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Application Introspection and Debugging

Once your application is running, you’ll inevitably need to debug problems with it. Earlier we described how you can use kubectl get pods to retrieve simple status information about your pods. But there are a number of ways to get even more information about your application.

Using kubectl describe pod to fetch details about pods

For this example we’ll use a Deployment to create two pods, similar to the earlier example.

apiVersion: extensions/v1beta1
kind: Deployment
metadata:
  name: nginx-deployment
spec:
  replicas: 2
  template:
    metadata:
      labels:
        app: nginx
    spec:
      containers:
      - name: nginx
        image: nginx
        resources:
          limits:
            memory: "128Mi"
            cpu: "500m"
        ports:
        - containerPort: 80

Copy this to a file ./my-nginx-dep.yaml

$ kubectl create -f ./my-nginx-dep.yaml
deployment "nginx-deployment" created
$ kubectl get pods
NAME                                READY     STATUS    RESTARTS   AGE
nginx-deployment-1006230814-6winp   1/1       Running   0          11s
nginx-deployment-1006230814-fmgu3   1/1       Running   0          11s

We can retrieve a lot more information about each of these pods using kubectl describe pod. For example:

$ kubectl describe pod nginx-deployment-1006230814-6winp
Name:		nginx-deployment-1006230814-6winp
Namespace:	default
Node:		kubernetes-node-wul5/10.240.0.9
Start Time:	Thu, 24 Mar 2016 01:39:49 +0000
Labels:		app=nginx,pod-template-hash=1006230814
Status:		Running
IP:		10.244.0.6
Controllers:	ReplicaSet/nginx-deployment-1006230814
Containers:
  nginx:
    Container ID:	docker://90315cc9f513c724e9957a4788d3e625a078de84750f244a40f97ae355eb1149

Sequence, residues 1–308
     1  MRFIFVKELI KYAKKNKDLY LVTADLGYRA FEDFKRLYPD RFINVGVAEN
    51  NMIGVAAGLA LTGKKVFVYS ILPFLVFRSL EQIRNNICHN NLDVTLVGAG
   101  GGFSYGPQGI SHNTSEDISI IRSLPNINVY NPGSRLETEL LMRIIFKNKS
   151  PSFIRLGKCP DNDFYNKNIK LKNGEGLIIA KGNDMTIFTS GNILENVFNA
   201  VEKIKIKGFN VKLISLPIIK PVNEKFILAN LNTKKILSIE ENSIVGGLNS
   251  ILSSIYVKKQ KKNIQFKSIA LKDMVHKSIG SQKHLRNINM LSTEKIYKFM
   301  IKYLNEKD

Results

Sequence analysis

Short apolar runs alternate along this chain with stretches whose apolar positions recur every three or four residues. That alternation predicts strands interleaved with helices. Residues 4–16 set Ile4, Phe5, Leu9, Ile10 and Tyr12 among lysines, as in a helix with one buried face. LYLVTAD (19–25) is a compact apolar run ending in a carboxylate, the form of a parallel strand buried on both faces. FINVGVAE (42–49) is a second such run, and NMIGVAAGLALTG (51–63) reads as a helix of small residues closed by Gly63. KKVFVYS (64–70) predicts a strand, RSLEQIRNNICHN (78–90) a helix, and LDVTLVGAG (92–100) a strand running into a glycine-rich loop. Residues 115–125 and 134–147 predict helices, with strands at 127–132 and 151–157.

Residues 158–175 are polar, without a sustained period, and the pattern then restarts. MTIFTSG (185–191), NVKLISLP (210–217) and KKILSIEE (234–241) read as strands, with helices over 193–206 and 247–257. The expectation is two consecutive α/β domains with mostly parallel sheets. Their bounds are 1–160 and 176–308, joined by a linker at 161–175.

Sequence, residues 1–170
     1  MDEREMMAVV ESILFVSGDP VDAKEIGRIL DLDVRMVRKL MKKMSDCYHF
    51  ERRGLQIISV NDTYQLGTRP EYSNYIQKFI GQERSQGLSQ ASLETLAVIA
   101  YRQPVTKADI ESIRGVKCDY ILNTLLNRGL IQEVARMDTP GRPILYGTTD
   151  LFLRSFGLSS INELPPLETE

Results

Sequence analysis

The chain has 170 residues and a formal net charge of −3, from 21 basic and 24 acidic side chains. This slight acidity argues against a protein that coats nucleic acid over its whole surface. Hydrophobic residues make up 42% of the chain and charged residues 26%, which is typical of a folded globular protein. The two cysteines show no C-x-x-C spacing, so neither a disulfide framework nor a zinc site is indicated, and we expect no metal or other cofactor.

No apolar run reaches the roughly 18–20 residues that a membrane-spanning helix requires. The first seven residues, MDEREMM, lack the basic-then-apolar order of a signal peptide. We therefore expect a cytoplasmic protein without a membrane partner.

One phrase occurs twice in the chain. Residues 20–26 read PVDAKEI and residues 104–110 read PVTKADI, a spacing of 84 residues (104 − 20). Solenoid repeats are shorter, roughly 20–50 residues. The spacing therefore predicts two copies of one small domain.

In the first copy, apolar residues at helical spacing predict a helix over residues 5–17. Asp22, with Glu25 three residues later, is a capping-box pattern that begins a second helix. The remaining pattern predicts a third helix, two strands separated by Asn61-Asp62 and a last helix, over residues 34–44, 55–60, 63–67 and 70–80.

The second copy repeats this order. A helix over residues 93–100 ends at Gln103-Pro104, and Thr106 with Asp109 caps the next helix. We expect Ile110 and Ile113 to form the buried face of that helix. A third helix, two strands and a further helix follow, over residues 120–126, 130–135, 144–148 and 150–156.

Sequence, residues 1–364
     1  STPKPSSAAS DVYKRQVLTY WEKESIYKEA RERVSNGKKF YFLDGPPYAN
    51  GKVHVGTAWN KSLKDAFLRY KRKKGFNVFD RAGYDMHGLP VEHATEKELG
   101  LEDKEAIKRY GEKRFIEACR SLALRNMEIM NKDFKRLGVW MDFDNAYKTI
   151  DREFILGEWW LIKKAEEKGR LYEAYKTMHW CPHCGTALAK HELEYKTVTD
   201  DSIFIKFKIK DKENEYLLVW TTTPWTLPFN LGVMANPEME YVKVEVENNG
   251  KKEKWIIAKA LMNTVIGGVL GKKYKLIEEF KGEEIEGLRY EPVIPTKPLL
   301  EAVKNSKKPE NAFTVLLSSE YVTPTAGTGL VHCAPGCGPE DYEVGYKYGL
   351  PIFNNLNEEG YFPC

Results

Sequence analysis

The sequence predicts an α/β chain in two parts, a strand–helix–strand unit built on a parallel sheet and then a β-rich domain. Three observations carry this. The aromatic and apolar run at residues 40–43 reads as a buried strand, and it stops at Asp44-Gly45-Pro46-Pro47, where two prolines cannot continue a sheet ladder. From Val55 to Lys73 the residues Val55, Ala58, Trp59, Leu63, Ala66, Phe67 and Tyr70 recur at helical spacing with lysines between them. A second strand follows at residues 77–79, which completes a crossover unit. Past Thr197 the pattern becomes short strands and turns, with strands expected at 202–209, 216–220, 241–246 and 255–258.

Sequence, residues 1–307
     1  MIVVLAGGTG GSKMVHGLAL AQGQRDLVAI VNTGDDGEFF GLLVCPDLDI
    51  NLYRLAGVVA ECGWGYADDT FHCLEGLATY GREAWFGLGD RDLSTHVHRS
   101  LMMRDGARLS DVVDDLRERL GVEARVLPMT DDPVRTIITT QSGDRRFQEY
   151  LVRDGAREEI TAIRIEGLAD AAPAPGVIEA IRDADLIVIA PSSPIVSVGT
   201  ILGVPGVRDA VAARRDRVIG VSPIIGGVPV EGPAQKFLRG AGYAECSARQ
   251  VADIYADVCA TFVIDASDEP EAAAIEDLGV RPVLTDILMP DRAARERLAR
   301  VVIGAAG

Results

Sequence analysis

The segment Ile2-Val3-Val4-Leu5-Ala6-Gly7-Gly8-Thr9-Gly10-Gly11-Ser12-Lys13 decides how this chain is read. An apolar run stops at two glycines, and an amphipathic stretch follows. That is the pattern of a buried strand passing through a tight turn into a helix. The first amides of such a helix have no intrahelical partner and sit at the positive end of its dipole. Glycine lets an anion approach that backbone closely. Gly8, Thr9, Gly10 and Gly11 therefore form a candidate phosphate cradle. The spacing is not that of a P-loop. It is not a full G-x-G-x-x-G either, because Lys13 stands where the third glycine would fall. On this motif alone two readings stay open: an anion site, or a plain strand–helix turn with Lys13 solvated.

Image:		nginx
    Image ID:		docker://6f62f48c4e55d700cf3eb1b5e33fa051802986b77b874cc351cce539e5163707
    Port:		80/TCP
    QoS Tier:
      cpu:	Guaranteed
      memory:	Guaranteed
    Limits:
      cpu:	500m
      memory:	128Mi
    Requests:
      memory:		128Mi
      cpu:		500m
    State:		Running
      Started:		Thu, 24 Mar 2016 01:39:51 +0000
    Ready:		True
    Restart Count:	0
    Environment Variables:
Conditions:
  Type		Status
  Ready 	True 
Volumes:
  default-token-4bcbi:
    Type:	Secret (a volume populated by a Secret)
    SecretName:	default-token-4bcbi
Events:
  FirstSeen	LastSeen	Count	From					SubobjectPath		Type		Reason		Message
  ---------	--------	-----	----					-------------		--------	------		-------
  54s		54s		1	{default-scheduler }						Normal		Scheduled	Successfully assigned nginx-deployment-1006230814-6winp to kubernetes-node-wul5
  54s		54s		1	{kubelet kubernetes-node-wul5}	spec.containers{nginx}	Normal		Pulling		pulling image "nginx"
  53s		53s		1	{kubelet kubernetes-node-wul5}	spec.containers{nginx}	Normal		Pulled		Successfully pulled image "nginx"
  53s		53s		1	{kubelet kubernetes-node-wul5}	spec.containers{nginx}	Normal		Created		Created container with docker id 90315cc9f513